The role of entrepreneur has been much celebrated in the last two decades. The media uses the term frequently in most business-related discussions. As a result, the title has been claimed by and bestowed upon a number of people and professions. Entrepreneurs are attributed great powers and believed to be the solution to job creation.
At the risk of dating myself — haven’t we previously applied these same attributes to our local small businessperson? Most of the business community is composed of small businesses that have operated here for decades, many of them family-run.
If you accept the premise that a significant difference exists, it follows that the training, incentives, and assistance that we offer these two archetypes would also be different. This affects the curriculum of educational institutions, the inducements offered by economic development agencies, and programs implemented by government entities.
Think of the small businessperson-entrepreneur traits as a continuum with each individual sharing various proportions of the attributes about to be described. The specific examples designate an extreme case at each end of this continuum.
I have participated in a number of discussions debating what it means to be a small businessperson or an entrepreneur. Some of the discussions drifted to “why do we care?” I will address the second topic before diving into the first. Future discussions will change the perspective from that of the individual to the characteristics of the companies they create. We will also identify resources appropriate for those that venture into the small businessperson-entrepreneur continuum.
For now, let’s start with a few examples adapted from Melanie Spring, chief inspiration officer of Sisarina, a D.C.-based branding firm (sisarina.com).
Small businesspeople have a great idea. They solve problems in their community and know their business and target audience. They know what makes their customers happy and provide outstanding service.
Entrepreneurs have big ideas. They dream and think big. They come up with ideas that haven’t been tested, diagnosed, or worked through. They often don’t even know if their ideas are possible, which gets them even more excited. They are also more likely to move onto a different venture once the idea is realized or determined to be not big enough.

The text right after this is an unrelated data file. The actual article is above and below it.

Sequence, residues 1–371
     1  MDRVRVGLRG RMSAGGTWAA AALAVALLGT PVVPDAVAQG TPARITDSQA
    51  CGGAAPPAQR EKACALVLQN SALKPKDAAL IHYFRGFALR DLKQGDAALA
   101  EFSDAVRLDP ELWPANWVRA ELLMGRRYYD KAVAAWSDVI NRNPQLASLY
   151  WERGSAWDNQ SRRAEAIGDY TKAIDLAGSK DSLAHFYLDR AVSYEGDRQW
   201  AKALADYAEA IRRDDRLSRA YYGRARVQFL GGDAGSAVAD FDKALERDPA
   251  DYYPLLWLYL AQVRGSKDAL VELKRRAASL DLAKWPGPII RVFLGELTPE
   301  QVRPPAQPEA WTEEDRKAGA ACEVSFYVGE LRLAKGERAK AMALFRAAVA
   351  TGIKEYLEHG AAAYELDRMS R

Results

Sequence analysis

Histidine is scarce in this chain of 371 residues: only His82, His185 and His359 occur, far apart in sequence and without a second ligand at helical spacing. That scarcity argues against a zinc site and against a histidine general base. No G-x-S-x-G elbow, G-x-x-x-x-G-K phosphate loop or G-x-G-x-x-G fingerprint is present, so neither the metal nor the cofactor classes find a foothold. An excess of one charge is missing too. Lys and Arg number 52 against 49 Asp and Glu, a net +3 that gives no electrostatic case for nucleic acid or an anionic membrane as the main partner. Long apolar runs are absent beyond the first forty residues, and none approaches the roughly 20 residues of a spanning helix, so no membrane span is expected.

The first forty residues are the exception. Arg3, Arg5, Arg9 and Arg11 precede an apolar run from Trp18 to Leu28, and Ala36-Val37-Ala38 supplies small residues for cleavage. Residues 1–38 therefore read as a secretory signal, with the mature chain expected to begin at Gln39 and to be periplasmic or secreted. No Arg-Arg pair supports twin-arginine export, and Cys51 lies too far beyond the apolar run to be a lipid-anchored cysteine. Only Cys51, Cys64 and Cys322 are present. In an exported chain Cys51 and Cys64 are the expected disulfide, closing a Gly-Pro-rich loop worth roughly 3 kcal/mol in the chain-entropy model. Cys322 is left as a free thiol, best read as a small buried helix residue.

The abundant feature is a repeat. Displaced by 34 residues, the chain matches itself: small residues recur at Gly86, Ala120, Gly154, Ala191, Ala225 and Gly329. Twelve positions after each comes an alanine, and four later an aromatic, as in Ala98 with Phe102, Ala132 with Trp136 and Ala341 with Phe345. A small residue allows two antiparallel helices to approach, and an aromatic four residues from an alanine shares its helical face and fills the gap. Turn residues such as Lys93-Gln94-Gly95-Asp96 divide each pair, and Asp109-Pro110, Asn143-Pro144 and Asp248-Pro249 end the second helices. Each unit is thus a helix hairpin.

Small businesspeople are risk-averse. They like to know what the next thing is and where it will come from. They make calculated decisions where the outcome is clear. The result may not be huge, but it will typically keep them moving forward.
Entrepreneurs embrace risk. They are not risk seekers although they are willing to step out on a ledge. They jump in with both feet knowing that if they put in their full effort, the risk will be worth it more often than not.
Small businesspeople focus on current challenges. They have daily and weekly to-do lists. They manage employees, work with customers, network with new customers, and keep everything rocking and rolling.
Entrepreneurs dream ahead six months. While their team is thinking about what they’re doing that week, they tend to skip the “now” and focus on the future of the company. They have people to manage the business — and if they don’t, they should.
Small businesspeople are sentimental with their businesses. They seldom plan on selling or handing their business off to someone else unless it’s family. They like making the decisions and running the day-to-day. They also see their business as part of the community.
Entrepreneurs focus on scaling. They view their venture as an asset they want to grow with growth embedded in the culture. The exit or harvest is part of the thought process to satisfy their investors and enable the entrepreneur to move on to the next venture. The forward thinkers set it up to run without them. They surround themselves with experts while they perform the role of rainmaker.
The Small Business Administration reports that 99.7 percent of all firms in the U.S. with paid employees are small businesses. Small businesspeople operate these firms that are the bedrock of our economy. Consider entrepreneurs to be accelerators in this process. Both types of business operators are essential to our economic system.
Some additional contrasts:
Entrepreneurs are restless and seldom content with the status quo. They are change agents with characteristics more aligned with artists. Small businesspeople are managers favoring a more predictable environment and enjoy making a profit. They focus on operational efficiency — controlling costs and maximizing customer satisfaction.
Small businesspeople may inherit their business from a family member. Alternately, they may transition, voluntarily or involuntarily, from being an employee to starting a similar business using their domain-specific skills. The business is created out of necessity to make a living, attain greater independence, or increase income. Entrepreneurs generally start a business because they are restless or desire to change the world. They are driven by passion and opportunity.
Entrepreneurs accept the risk that the venture, often operating with negative cash flow, may fail. Small businesspeople are less concerned about failure since their business is profitable. They feel more pressure from ever-increasing competition.
What differences do you see? Send them to firstname.lastname@example.org.